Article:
Divorce is a complicated procedure that’s never enjoyable. Divorce is costly, lengthy, emotional, and has particular stipulations and grounds that must be met in order for one to even occur. If your partner is asking you to leave or is asking for a divorce, knowing Utah’s divorce laws and the grounds for divorce is extremely important. Read on for what to do if your partner wants you to leave, what the grounds for divorce in Utah are, and what legal terms and agreements with which you will need to be familiar.
What to Do if Your Spouse Asks You To Leave
If your spouse asks you to leave or asks for a divorce, the first thing that you should do is retain legal counsel. While legal counsel is not required when filing for a divorce, an experienced divorce lawyer is highly recommended, especially if you are not the partner who is seeking the divorce. An experienced divorce attorney can provide you with valuable information about divorce law in Utah, and can provide you with brief legal facts or represent you throughout the duration of your case.
Utah Grounds for Divorce
If your spouse simply asks you to leave without reason, she does not have proper grounds for a divorce per Utah divorce law. In a case such as this, you have the right to remain in your home and continue your marriage. However, if your spouse asks for a divorce, it is likely that there is cause. In the case that the following grounds for divorce are met, your spouse is entitled to seek a divorce:
- Desertion for more than one year;
- Habitual drunkenness;
- Felony conviction;
- Cruel treatment;
- Irreconcilable differences;
- Insanity; or
- Living separately from your spouse for at least three years.
If none of these things have occurred within your marriage, it is possible that there are no grounds for separation, and a divorce will not be granted by the state. However, your spouse still has the right to file for divorce if they want.
Divorce Terms and Agreements
If your spouse files for divorce, there are a number of legal terms and agreements surrounding divorce that you should know. Divorce is a lengthy process—not only will you have to divide up assets as the court sees fit, but you will also have to discuss child custody issues and child support (if you have children), alimony, and the division of things other than property, such as debt, retirement benefits, and pensions.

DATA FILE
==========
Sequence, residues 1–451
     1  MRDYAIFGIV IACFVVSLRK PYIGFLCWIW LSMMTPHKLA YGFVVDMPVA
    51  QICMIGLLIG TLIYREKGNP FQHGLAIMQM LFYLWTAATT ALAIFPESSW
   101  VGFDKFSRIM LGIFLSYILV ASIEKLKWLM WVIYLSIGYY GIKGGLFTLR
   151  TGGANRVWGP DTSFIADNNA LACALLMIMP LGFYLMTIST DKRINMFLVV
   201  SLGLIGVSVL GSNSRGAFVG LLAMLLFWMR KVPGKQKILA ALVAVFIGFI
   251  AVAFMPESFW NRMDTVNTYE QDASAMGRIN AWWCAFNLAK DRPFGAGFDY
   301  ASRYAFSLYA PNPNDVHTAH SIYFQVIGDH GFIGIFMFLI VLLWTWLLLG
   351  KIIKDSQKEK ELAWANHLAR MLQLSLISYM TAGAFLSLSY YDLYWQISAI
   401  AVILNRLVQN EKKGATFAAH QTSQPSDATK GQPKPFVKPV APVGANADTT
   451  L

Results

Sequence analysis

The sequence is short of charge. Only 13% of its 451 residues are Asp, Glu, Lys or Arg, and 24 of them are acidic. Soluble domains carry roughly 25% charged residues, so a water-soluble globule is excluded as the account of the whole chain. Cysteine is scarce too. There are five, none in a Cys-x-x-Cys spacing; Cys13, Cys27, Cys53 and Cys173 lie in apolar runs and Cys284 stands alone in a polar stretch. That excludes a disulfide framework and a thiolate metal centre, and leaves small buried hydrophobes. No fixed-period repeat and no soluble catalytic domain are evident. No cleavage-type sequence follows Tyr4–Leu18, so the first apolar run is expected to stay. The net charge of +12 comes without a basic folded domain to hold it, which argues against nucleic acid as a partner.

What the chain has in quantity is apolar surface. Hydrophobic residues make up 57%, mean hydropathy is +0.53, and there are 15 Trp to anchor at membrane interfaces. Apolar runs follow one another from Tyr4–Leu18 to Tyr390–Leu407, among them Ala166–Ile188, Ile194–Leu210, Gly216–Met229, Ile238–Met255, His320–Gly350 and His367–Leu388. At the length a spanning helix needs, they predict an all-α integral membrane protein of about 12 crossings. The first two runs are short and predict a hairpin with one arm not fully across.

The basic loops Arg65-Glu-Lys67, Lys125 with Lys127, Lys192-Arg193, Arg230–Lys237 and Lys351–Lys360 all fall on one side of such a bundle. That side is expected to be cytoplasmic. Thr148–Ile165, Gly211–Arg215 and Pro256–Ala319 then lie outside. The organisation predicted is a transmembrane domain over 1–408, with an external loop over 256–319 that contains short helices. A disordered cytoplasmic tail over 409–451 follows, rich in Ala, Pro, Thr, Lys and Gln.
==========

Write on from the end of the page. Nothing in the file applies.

Unfortunately, divorce is also expensive. While the specific costs of a divorce can vary depending upon a variety of factors, most divorces include the cost of filing the divorce petition, attorney fees, fees to serve the petition, online court assistance program fees, copying costs, record fees, and fees for divorce classes if children are involved.
How Long Will a Divorce Take?
Getting a divorce is a timely process. After your spouse files divorce papers, you will have 20 days to respond to the request. If you do not respond, your spouse will be granted what they asked for without regard for your opinion on the matter.
After you have responded to the divorce papers, there is a 90-day mandatory waiting period between the time the papers are filed and the time the divorce decree is signed. Often times the divorce is contested or there are issues that are not agreed upon. In this case, a mandatory mediation will be required for you and your spouse, which will significantly delay the process. Because of this, divorces can take many months to be finalized.
If your spouse is asking you to leave, know your rights and understand the process before acting. Retain legal advice, and familiarize yourself with Utah divorce law.
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